Many people are becoming interested in “Offline RL” these days. I’m quite interested in it, too; for the past two years, I’ve been thinking hard about this setting, together with my collaborators Carles and Marc. In that time, the community has proposed many cool algorithms and run many insightful experiments. Our recent paper adds to this growing body of work by providing a rigorous theoretical understanding of the fundamental issues underpinning the Offline RL setting, including a formal unification of existing approaches.

In tackling the problem, the Offline RL community has converged on what one might call the “accepted wisdom”. Researchers have certain intuitions about what works and what doesn’t, of what problems exist, and what causes them. Pick up any paper on Offline RL, and you’re likely to see many references to ideas which are accepted wisdom, often used to motivate their new algorithms. Although many of these ideas have not been totally proven, they are simple, intuitive, and have some empirical evidence behind them, so they are widely believed. One important contribution of our paper is that, for the first time, we have theoretical justification of many of the tenets of accepted wisdom.

Even more importantly, our work has revealed several ways in which the accepted wisdom is wrong. Not totally wrong; just subtly wrong, seeing part of the picture but missing some non-obvious connections and nuances. In this blog post, I will highlight five of our most interesting results, contrasting the accepted wisdom with our findings.


Accepted Wisdom: Overestimation bias causes bad performance.

Reality: Bad fixed-points cause us to observe both bad performance and overestimation.

Some background on this: an easy way to go from an Online RL algorithm to an Offline RL algorithm is to simply add the initially-available data to its replay buffer, and train as normal, skipping any steps of interaction (which are disallowed in this setting). But empirically, this does not work at all. The more steps of training we do, the more performance drops. One of the key questions in studying Offline RL is: why?

One explanation that has often been referenced is the idea of “overestimation bias”. This theory notes that the neural networks we use to represent our Q-value sometimes make approximation errors, and that when the errors are overestimations, they get propagated back through the argmax of the update. Over time, this leads to the approximation errors getting propagated throughout the state space, leading to poor value estimates and sometimes to divergence.

This idea is very nearly correct, but it misses the mark in a few subtle ways. First of all, our paper shows that overestimation can emerge even in tabular environments, where there is no approximation error at all. Furthermore, it’s clear that preventing overestimation does not, alone, causally improve performance; we could subtract a large constant penalty from each value and thereby reduce overestimation, but this would not improve the learned policy. Finally, overestimation bias doesn’t explain why model-based Offline RL algorithms, which do not bootstrap, also suffer from overestimation and poor performance.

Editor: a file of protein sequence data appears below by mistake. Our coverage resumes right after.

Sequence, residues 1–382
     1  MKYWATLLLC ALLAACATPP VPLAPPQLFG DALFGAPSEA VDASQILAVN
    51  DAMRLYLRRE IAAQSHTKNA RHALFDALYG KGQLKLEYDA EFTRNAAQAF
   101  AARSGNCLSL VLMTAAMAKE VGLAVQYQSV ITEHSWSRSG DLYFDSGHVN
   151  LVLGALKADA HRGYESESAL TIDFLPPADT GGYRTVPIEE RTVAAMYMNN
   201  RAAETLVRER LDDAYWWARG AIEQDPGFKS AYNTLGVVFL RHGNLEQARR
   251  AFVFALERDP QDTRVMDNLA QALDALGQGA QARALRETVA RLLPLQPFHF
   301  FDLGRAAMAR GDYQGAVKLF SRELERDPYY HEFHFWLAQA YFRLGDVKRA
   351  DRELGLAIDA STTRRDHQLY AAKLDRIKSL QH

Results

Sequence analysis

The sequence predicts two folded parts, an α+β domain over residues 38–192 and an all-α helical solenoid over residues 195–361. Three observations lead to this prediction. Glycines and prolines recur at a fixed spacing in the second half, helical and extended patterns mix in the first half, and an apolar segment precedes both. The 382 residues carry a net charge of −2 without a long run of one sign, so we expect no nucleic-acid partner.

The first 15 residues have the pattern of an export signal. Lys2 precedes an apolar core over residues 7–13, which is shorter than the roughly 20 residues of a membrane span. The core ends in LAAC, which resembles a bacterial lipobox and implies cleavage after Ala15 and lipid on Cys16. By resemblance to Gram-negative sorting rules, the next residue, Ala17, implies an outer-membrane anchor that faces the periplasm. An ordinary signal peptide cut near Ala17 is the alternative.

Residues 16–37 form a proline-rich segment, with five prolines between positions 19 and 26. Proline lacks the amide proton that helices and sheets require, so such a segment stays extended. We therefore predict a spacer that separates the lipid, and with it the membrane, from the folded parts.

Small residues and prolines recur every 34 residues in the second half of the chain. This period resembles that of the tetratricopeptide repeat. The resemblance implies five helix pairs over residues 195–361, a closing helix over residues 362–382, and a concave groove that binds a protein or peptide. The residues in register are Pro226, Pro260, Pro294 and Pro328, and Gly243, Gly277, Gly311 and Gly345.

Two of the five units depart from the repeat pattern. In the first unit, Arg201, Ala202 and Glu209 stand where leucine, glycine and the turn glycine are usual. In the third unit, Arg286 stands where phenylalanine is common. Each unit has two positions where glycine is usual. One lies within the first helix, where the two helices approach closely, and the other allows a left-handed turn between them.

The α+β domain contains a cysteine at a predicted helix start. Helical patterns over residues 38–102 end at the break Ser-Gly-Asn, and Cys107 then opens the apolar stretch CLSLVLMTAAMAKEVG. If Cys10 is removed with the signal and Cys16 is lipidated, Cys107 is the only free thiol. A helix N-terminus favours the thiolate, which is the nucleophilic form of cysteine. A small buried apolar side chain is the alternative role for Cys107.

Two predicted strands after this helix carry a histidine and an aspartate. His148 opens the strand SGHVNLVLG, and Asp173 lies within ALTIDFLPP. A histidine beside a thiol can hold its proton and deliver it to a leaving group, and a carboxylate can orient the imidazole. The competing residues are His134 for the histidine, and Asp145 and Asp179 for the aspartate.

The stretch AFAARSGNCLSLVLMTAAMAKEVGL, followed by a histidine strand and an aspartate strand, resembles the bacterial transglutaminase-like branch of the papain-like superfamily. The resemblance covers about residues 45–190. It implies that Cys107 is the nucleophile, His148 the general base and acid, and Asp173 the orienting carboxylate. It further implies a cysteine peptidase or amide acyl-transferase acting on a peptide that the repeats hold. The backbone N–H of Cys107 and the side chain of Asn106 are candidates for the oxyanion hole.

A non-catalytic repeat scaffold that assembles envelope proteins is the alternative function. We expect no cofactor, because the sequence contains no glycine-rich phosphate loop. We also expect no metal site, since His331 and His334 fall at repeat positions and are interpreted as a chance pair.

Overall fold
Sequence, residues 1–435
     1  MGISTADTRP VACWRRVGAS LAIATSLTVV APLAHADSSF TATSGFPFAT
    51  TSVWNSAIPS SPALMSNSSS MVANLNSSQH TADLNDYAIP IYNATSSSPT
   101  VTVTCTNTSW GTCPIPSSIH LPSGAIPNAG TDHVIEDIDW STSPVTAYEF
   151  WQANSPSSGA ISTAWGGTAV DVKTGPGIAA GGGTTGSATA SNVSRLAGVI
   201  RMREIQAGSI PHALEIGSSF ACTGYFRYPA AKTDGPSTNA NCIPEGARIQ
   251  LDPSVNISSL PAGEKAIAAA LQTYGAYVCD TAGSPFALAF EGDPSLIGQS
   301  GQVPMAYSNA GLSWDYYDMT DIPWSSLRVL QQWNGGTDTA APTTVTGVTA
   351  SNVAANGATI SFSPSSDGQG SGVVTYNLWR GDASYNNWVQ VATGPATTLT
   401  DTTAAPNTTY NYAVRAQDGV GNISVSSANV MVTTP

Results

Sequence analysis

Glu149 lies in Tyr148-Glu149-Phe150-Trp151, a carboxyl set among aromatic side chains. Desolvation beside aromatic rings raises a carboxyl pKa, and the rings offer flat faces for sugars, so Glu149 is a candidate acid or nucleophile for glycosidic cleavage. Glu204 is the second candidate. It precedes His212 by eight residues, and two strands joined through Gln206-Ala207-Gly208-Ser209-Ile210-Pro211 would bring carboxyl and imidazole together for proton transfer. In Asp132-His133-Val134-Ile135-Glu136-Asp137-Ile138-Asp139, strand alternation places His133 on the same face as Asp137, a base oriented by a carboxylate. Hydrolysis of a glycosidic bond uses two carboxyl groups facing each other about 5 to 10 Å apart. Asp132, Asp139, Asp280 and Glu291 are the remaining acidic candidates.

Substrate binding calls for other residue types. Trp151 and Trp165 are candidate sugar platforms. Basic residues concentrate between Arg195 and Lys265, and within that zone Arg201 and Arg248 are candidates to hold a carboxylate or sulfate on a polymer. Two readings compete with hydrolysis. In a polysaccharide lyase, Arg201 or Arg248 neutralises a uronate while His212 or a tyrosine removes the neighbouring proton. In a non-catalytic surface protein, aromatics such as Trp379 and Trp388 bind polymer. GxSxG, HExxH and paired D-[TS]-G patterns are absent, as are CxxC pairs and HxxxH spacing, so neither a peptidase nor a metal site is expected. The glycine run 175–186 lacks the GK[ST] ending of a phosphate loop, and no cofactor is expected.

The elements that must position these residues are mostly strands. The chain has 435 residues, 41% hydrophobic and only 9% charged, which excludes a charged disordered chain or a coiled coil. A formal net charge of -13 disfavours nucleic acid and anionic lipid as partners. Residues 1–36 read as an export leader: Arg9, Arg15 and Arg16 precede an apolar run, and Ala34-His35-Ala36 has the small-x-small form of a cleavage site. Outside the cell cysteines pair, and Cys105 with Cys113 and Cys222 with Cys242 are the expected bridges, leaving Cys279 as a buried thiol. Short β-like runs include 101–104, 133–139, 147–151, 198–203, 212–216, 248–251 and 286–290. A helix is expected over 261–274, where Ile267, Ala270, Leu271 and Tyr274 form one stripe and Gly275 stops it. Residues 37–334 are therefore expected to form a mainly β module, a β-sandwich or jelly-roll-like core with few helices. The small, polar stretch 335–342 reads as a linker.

If overestimation bias doesn’t explain the issue, what does? We provide a new lens through which we can understand this phenomenon: fixed-points. Offline RL algorithms can be viewed as fixed-point-finding algorithms. Each time we apply an update to the Q-function, minimizing some error on the dataset, we move its values closer and closer to some fixed point, until eventually we converge. The performance of any Offline RL algorithm can be captured by considering its fixed point.1 Once we have found a fixed-point for the Q-function, which represents our best guess about the Q-function in reality, we can select its optimal policy. Different algorithms will have different fixed-points.

When we take a DQN-like Offline RL algorithm, and look at its fixed point, we find something surprising. The the fixed-point Q-function is likely to be highly overestimated, and also likely to be terrible! In this way, we see that overestimation does not need to emerge from a process of “overestimation bias”, where iterative updates cause approximation error to compound. It is a property of the fixed-point: it is built directly into the objective, regardless of what computational procedure we use to get there. We cannot improve the performance by reducing overestimation. We can only improve the performance by improving the quality of the fixed-point. It’s possible to do either without doing the other, so it’s important to think carefully about the distinction. (Although, they do often go hand-in-hand.)

How does this insight relate to current research? Many recent papers emphasize that they reduce overestimation, for example CQL emphasizes the fact that it claims to find a lower-bound to the true Q-values. However, we now see that this, alone, does not guarantee a performance improvement, as it does not necessarily imply an improvement in the quality of the fixed-point. (CQL does improve performance! It’s only the explanation that is wrong. A closer look reveals that CQL improves performance because it constrains the learned policy to be close to the behavior policy.)